This is a competing renewal of a UM1 application to support the infrastructure of the original Nurses? Health Study (NHS), begun in 1976. The accumulated resources of NHS provide exceptional opportunities for identifying new paradigms in cancer prevention, etiology and survival. The resources encompass: lifestyle, diet and health data from 20 biennial questionnaires spanning 4 decades from 121,700 women; linked residential data on environment and neighborhood; blood samples from 32,826 participants in mid-life; a 2nd blood and morning urine in 18,743 of these women 10 years later; buccal cells from 33,040 women without blood; 62,641 toenail samples; 6,027 pre-diagnostic mammograms; tissue blocks from >14,000 patients across 16 cancers. The scientific contributions of NHS have been equally exceptional. During this funding period, accomplishments include: >400 cancer-related publications; nearly 300 resource-sharing projects by external investigators and pooling projects/consortia (a 130% increase since 2014); and participation in 33 cancer consortia, including 22 NCI consortia. Most importantly, NHS research has meaningfully guided national and international cancer guidelines on issues ranging from diet to adjuvant treatment. Our overarching goals here are to (1) efficiently expand resources with collection of key new data elements and specimens, and (2) maximize the application and sharing of existing resources, facilitating their transformation into novel cancer discoveries. First, NHS women are now >70 years of age. Over 1/3 of cancers in the US occur after age 75, and half of cancer survivors are 70+ years. Many cancer phenotype distributions appear to change with age (e.g., serous ovarian cancer becomes more common). Moreover, in the next 15 years, the proportion of the US population >70 years will grow by 60%. Thus, continued data and tumor tissue collection in NHS is critical to inform new behavioral and biological research on cancer etiology, survival and quality of life in aging. Specifically, in the next funding period, we will continue to: collect questionnaire data on behavior, quality of life, and health in aging; document cancers/ deaths; link with cancer and death registries, and Medicare claims to enhance follow-up; maintain our bio- repository; collect new tissue blocks. Second, we have had great accomplishments in data use/sharing, but this could be further increased to harness the brain-power of more cancer scientists. Mastering the large, complex data systems with decades of accumulated data elements is a challenge that inhibits efficiency of data sharing. In the next funding period, we propose to update and modernize our data systems, to grow support a large community of users via user-friendly tools for data management, visualization, and analysis. This will be done in an exciting collaboration with The Broad Institute, which is leading and developing similar platforms for The Cancer Genome Atlas, the Genotype-Tissue Expression (GTEx) project, and others.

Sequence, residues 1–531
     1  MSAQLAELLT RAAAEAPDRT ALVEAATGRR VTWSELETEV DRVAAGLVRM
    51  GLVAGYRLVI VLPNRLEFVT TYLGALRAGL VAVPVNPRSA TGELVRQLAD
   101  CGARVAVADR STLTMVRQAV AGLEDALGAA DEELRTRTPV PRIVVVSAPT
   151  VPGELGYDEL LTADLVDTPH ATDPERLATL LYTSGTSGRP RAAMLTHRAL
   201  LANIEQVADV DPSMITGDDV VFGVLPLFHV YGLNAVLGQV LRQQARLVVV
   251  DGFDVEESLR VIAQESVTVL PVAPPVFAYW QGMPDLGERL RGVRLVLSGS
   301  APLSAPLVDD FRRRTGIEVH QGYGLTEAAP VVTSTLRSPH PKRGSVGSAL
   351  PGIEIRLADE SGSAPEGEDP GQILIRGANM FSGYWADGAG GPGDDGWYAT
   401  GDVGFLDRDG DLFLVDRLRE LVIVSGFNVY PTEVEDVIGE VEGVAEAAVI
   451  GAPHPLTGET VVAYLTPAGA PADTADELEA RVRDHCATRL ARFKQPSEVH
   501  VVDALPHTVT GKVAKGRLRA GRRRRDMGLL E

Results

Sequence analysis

Public Health Relevance

We propose to continue the follow-up of the Nurses' Health Study (NHS), a Cancer Epidemiology Cohort of 121,700 women enrolled in 1976 at ages 30 to 55 years. Data include repeated measures of diet, physical activity, and other exposures over 42 years of follow-up, as well as blood, urine, buccal cells, and tumor tissue biospecimens. Cohort follow-up is reaching the most informative phase for older ages, and is a unique resource for scientific aims that integrate exposures over the life course, including diet, other lifestyle variables, biomarkers, genetic predisposition and mediating variables, in relation to cancer risk and survival. A major aim is to foster greater widespread utilization of this resource.

National Institute of Health (NIH)
National Cancer Institute (NCI)
Research Project with Complex Structure Cooperative Agreement (UM1)
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Study Section
Special Emphasis Panel (ZCA1)
Program Officer
Ellison, Gary L
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Brigham and Women's Hospital
United States
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